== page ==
Like any mother, the moment I laid eyes on my babies for the first time they were the most beautiful things I had ever seen.
Ten little toes and fingers, button noses and eyes that melted my heart. Perfection at its finest.
As the months went by, I started to notice a flat spot develop on my son’s head, but I was told not to allow either him or his twin sister to sleep on their bellies since the rate of SIDS (sudden infant death syndrome) was much higher for premature infants and even higher for boys.
I continued to reposition him, but nothing changed. I brought my concerns to our doctor but was always dismissed as though I was a crazy person. When you have twins, it’s hard to hold both babies at the same time, so my days have been filled with musical repositioning.
During a recent physical therapy session, I asked our occupational therapist for her opinion and she strongly encouraged me to get an evaluation done.
I bit the bullet and took my 6.5 month old son for the consultation in Austin. I needed the peace of mind.
The evaluation revealed what I had feared, Rory has moderate plagiocephaly that has affected his eye and ear placement. I was reassured I didn’t do this to him and his “flat head” is all related to prematurity and inutero positioning.
There is good news. It’s not too late and there is something we can do to help him. The DOC Band is a noninvasive, FDA approved cranial molding helmet that works by applying mild pressure to redirect the growth of their skull to where it should be. It is painless for the child and can be corrected in a few months. We were happy to find out there was such an easy solution for our son until I read the Tricare policy that says the only way it will cover the band is if the child has to have surgery to correct it first.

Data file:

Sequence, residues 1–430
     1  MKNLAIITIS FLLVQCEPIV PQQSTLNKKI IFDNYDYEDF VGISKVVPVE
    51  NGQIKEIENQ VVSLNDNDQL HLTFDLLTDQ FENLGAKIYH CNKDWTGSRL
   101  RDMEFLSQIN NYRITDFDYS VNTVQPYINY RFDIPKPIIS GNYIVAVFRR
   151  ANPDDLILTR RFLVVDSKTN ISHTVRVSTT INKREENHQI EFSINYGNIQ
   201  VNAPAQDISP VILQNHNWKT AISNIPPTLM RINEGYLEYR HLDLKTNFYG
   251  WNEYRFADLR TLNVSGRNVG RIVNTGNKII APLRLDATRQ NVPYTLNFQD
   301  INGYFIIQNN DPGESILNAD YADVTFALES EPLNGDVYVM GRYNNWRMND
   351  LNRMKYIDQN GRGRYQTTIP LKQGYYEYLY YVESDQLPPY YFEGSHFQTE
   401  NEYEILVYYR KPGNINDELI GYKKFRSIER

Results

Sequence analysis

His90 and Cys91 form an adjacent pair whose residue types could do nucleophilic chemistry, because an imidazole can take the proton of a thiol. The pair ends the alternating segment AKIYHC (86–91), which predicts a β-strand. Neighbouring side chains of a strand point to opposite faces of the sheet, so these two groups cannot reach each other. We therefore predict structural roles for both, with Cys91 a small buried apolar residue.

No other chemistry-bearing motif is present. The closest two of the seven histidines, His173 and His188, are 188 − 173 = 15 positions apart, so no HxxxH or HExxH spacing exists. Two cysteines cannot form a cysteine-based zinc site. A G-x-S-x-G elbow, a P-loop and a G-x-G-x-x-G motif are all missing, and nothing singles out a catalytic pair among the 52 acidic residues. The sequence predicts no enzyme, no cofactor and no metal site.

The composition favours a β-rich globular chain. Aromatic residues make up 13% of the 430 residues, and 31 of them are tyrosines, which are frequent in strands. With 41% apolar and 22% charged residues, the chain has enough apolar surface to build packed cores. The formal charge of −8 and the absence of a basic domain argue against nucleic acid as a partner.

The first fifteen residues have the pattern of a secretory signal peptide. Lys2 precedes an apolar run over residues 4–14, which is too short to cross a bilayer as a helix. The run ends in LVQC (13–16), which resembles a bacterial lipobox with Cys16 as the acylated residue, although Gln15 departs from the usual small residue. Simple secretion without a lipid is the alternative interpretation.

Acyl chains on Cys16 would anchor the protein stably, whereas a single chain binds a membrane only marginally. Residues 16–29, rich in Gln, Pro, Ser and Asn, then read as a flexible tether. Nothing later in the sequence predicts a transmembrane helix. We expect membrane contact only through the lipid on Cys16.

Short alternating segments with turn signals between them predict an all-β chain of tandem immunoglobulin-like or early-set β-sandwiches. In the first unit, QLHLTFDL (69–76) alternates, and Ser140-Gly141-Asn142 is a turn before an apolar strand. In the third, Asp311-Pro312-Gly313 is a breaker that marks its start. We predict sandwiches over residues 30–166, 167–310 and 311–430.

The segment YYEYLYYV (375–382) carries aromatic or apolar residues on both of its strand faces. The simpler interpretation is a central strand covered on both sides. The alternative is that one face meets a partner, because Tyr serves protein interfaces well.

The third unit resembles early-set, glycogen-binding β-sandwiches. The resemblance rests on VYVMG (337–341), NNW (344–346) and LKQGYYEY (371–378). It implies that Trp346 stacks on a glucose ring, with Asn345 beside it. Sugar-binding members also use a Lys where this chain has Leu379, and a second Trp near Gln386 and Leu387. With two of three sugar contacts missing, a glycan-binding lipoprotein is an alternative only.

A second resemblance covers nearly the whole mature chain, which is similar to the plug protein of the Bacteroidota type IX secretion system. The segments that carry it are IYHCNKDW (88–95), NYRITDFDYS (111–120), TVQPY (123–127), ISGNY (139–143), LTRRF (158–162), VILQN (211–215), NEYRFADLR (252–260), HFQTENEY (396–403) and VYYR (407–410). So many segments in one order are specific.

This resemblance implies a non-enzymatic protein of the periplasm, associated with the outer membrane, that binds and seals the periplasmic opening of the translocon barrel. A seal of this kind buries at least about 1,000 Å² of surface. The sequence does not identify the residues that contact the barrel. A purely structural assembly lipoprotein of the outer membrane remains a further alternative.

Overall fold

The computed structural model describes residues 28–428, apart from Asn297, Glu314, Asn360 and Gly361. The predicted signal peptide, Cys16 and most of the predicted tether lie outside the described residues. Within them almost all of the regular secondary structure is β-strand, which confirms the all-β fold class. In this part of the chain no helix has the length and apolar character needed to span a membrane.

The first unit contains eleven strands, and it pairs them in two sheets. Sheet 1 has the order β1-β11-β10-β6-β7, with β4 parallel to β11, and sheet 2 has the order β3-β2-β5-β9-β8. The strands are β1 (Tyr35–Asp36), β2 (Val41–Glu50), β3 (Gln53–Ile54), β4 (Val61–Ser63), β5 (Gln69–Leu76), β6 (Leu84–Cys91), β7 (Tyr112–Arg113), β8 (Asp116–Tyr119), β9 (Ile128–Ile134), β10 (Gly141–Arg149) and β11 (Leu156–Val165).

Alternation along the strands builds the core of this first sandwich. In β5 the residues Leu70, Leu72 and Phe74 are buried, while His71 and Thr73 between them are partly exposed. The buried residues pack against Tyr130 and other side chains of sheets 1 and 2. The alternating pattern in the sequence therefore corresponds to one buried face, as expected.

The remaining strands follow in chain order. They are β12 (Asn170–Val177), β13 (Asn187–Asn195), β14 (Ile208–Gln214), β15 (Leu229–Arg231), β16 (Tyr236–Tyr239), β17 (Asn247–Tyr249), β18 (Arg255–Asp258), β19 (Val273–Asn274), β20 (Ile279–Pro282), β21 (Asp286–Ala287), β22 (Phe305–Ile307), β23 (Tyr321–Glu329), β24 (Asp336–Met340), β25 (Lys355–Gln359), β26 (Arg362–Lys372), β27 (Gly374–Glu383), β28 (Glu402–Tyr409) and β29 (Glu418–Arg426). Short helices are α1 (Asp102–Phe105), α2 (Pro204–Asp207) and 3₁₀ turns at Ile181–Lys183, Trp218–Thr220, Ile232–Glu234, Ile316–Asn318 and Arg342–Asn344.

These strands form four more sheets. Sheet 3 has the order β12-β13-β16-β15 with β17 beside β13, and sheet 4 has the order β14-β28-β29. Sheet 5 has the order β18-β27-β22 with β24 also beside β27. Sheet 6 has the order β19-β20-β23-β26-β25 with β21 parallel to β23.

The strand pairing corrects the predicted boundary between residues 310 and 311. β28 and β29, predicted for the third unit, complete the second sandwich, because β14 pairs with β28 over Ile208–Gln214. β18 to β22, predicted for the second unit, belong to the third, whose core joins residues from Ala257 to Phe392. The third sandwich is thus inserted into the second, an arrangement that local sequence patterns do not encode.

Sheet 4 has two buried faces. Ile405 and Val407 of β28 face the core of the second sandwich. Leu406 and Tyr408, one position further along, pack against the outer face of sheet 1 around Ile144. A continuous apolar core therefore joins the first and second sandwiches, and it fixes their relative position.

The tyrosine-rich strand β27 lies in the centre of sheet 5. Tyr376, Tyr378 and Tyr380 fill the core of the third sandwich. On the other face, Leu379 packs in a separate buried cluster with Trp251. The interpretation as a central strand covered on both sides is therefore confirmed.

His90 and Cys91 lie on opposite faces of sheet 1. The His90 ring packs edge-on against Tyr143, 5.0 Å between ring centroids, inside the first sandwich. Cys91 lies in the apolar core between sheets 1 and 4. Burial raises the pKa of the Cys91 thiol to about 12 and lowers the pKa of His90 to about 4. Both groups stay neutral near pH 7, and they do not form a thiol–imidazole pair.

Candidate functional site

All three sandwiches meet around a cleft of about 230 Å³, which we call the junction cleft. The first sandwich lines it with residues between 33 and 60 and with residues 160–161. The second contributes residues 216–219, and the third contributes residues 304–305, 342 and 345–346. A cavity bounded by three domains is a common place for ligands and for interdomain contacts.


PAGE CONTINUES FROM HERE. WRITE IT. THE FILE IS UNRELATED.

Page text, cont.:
How unsettling. Our son needs this.
So, basically, they would rather subject a baby to invasive surgery then pay for the band instead of paying for the band to begin with to avoid surgery and paying tens of thousands of dollars for that surgery. Surgery to correct plagiocephaly is only about 30 percent successful in correcting the abnormal skull shape. The DOC Band has a 100 percent success rate in most cases and costs $3,500 compared to the tens of thousands that the surgery would cost.
If knowing something was wrong with our precious baby boy wasn’t enough, finding out Tricare wouldn’t cover the cost to correct it was a devastating blow to my husband and I. My husband has selflessly served his country for seven years but our military insurance won’t help us help our son?
To be a boy and not have hair covering his head like women do, his head would be really noticeable. I can compartmentalize pretty well, but when it’s your kids, it takes a toll on you.
I resigned from my position to care for our premature twins and we solely rely on my husband’s salary, where every last penny coming in is accounted for. Even with a military discount, the DOC Band is $2,500 and after financing and interest the cost is $3,561.
Like other families, we do not have that much money just sitting around. If our military lifestyle and finances weren’t already stressed enough, learning we had to come up with the funds ourselves because our insurance company deems the helmet “cosmetic” made us sick. He’s our baby and we want the best for him no matter what, even if it means joining the ranks of other military families drowning in debt.
There are hundreds of other families that are in the same situation as we are. If any type of plagiocephaly goes untreated it can result in a high risk for learning delays and developmental delays, increased need for special services when he reaches school age, orthodontic and temporomandibular joint issues, scoliosis, visual disturbances including visual field defects and astigmatism, auditory problems and psychological and social issues.
This is something that should be covered by Tricare 100 percent. This needs to change. Not only for my son, but for the 1 in 10 children that are diagnosed with plagiocephaly every year.
Vanessa Lynch is a former metro editor for the Killeen Daily Herald. An Army spouse, she and her husband live in Harker Heights with their two young children.